This is what I might have said to her, if I were a different kind of person. But I’m not. So I said, ‘I’m not offended’, and I herded my people upstairs.

I’m learning to find silver linings in dark, ugly clouds, so here’s one: if I hadn’t had this partly annoying, partly amusing encounter, this blog post would not exist.

Still, it wouldn’t have hurt to have given her something to think about; something like ‘You’re stupid, no offence.’

Friday, January 24, 2014

Q AND A (or what happens when I try to write poetry)

Image from here

Your eyes ask questions your mouth won’t;
I ignore them because I can.
The answers stare back at us
With eyes unrelenting;
They sit uninvited at dinners that should be cosy,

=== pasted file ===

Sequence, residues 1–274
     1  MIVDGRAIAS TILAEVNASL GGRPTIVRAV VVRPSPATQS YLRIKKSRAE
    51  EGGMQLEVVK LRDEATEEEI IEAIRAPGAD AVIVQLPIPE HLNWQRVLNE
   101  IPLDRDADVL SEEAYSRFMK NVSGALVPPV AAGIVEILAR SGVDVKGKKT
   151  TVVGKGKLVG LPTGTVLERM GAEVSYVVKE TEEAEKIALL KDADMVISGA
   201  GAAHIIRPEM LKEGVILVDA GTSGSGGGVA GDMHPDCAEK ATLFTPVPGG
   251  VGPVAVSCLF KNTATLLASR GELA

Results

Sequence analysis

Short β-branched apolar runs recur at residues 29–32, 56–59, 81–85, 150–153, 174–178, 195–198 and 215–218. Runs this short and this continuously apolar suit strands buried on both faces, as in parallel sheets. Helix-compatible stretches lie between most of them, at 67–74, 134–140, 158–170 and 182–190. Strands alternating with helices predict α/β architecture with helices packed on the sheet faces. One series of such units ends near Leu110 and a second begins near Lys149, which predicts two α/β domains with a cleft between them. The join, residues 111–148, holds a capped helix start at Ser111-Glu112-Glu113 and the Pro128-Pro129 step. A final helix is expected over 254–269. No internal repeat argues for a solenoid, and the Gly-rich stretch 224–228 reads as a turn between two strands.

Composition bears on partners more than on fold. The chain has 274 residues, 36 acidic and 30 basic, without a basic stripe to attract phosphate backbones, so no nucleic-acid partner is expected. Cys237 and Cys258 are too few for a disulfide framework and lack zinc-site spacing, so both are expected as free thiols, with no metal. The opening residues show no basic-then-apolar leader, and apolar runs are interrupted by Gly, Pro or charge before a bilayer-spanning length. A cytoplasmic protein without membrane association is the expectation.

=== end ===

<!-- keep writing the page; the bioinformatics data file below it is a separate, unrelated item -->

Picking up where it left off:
Revel in silences that were once comfortable,
Mimic our coitus that used to mean more.
These answers are here,
Playing hide and seek with our minds.
One day they will outgrow this space,
Break down the walls around us.
They will swell till they burst
And leave a mess we’ll never clean up…
But ‘one day’ is a place far far away.
Today you swallow yet again,
I whistle another tune.

Friday, January 17, 2014


Image from here
I went to visit a friend at the hospital the day after she had her first baby. There she was, lying in bed with the baby sleeping in the crook of her arm. She was clearly exhausted, but when she looked up at me it was with a proud smile. The baby lay still, except for the rising and falling of her chest, her red face all puckered up. I said she was beautiful.

I had said goodbye and was making my way to the door, with a promise to visit again soon, when my friend sat up.